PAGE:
The donation process is simple, but there are two critical steps to ensure a timely donation. There is a narrow window for donation (15 hours after time of death) so it is essential that the family organizes as much information as possible, prior to donation. The Commonwealth of Virginia requires the completion of two forms prior to any autopsy. The first step is to complete and return the autopsy consent form (see below) to the brain bank. The autopsy consent form cannot be completed by the donor, but must be completed by the person designated by the Commonwealth as eligible to sign the form (please see tips for completing the autopsy consent form). Once we receive a completed autopsy consent form, we can enter the donor information into our system. The second critical step is to obtain a signed death certificate. The DC is usually generated by the funeral director, so it is essential that he be involved in the donor process at an early step. The DC does not need to be the state-embossed, formal form that can take up to a week to obtain. However, the DC needs to be signed by the doctor (or NP/PA) that is overseeing the care of the donor. To facilitate the generation of the DC, is is advisable that the family of the donor meet with the funeral director and complete as much of the DC as possible ahead of time. Both the consent for and DC can be faxed to the brain bank at (804) 828-2010.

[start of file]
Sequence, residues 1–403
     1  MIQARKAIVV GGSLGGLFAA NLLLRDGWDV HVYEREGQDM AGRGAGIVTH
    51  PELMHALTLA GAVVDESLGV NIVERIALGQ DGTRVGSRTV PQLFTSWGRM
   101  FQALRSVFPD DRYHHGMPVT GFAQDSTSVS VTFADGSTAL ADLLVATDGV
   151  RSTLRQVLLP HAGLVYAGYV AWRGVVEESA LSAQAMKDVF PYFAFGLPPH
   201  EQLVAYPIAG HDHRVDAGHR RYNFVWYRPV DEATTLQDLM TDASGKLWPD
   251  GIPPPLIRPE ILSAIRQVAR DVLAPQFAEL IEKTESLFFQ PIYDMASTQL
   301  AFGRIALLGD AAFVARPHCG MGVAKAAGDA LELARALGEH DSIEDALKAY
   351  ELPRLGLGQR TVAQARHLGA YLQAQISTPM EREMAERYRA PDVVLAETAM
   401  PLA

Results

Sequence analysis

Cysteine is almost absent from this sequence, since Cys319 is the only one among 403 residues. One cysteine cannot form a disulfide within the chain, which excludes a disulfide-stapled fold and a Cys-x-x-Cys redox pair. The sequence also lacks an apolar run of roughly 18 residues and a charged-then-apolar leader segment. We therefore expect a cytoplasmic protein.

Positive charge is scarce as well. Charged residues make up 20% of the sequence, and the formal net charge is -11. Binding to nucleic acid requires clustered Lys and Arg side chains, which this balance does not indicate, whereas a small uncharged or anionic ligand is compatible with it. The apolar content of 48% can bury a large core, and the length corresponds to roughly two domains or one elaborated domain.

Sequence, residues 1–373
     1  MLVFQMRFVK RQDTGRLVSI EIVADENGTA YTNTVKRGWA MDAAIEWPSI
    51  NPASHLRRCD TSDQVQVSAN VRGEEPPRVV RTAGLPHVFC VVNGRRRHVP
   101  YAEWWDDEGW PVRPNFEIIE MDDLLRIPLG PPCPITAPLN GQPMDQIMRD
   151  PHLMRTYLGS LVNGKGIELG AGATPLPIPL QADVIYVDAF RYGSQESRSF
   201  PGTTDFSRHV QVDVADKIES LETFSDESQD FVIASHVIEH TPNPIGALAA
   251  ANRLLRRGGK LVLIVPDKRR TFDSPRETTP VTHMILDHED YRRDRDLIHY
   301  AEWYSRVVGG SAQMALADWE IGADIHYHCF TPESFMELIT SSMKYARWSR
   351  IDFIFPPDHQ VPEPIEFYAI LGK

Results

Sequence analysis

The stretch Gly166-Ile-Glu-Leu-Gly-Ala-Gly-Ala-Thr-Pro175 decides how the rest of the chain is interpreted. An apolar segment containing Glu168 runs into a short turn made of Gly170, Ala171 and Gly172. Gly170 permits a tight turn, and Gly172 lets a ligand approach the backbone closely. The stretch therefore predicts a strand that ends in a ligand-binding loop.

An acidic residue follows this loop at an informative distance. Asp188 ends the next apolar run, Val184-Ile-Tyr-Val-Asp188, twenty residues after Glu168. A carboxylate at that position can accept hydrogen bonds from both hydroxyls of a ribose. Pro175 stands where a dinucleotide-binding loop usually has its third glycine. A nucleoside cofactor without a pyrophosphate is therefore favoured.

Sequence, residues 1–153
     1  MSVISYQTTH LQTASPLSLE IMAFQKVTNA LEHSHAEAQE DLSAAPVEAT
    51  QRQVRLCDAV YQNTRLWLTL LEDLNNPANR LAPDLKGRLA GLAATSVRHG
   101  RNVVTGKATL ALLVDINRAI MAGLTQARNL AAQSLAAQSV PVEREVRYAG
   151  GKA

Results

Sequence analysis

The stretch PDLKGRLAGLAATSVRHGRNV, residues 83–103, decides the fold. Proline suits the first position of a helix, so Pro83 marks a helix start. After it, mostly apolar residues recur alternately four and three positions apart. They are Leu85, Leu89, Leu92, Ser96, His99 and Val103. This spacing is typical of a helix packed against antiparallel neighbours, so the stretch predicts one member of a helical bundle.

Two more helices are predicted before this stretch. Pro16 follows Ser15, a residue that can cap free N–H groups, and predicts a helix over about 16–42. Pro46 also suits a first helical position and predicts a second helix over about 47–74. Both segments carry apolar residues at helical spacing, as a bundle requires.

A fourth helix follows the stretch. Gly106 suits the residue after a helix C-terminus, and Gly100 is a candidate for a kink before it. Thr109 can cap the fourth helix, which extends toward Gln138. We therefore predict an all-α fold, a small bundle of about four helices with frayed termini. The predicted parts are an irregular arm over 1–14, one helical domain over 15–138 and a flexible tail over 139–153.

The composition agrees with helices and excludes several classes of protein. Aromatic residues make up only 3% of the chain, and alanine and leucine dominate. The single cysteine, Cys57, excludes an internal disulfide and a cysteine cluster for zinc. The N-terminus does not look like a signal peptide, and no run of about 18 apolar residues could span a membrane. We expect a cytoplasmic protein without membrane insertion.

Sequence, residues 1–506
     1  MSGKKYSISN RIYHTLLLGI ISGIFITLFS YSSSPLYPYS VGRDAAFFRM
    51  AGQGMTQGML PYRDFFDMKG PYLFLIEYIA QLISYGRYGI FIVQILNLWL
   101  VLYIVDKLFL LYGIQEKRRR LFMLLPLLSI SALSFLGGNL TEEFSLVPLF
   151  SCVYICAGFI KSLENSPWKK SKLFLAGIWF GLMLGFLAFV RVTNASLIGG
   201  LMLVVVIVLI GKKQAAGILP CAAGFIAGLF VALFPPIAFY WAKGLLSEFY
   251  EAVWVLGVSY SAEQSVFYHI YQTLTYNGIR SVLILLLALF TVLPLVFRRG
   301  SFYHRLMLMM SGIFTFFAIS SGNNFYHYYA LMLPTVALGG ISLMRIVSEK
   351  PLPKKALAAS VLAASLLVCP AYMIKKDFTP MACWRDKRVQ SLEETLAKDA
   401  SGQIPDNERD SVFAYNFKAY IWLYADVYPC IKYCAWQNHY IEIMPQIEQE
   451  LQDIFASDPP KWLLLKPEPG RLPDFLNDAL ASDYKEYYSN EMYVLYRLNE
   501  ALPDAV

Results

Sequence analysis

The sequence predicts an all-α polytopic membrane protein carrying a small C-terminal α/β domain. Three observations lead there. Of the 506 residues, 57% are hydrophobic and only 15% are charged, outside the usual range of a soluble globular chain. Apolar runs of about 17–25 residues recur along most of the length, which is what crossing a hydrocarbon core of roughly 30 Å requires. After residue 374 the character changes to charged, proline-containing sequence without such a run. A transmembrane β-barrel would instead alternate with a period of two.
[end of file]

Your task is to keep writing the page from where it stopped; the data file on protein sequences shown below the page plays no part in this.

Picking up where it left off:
1. Information for Families (Information for Families)
2. Autopsy Consent Form (Consent)
3. Helpful Information to complete autopsy form (Helpful Tips)
4. Patient Information Page (Patient Information)
5. Information for Nursing Home or Hospice (Nursing Facility)
6. Information for Funeral Directors (Funeral Directors)
7. Brain Bank Brochure (Brochure)
If you have any questions, please feel free to contact the bank’s director, Dr. Severn Churn at (804) 828-9664. Please note, in the case of accidental death, the medical examiner’s office will take control of the body and override any donation arrangements.
The VCU Brain Tissue Resource Facility serves the scientific community by supplying specific brain tissue to confirm research findings from animal tissues. The tissue is open to all research studies, but preference will be given to NIH-funded programs. If you wish to obtain tissue from the VCU BTRF, please fill out the tissue request form, specifying disease type, brain area and preservation method. Forms can be faxed to (804) 828-2010.
Fees will be assessed to cover obtaining of tissue, storage and processing. Please contact the Brain Tissue Resource Facility director for current fees.
Tissue Request Form Tissue Request Form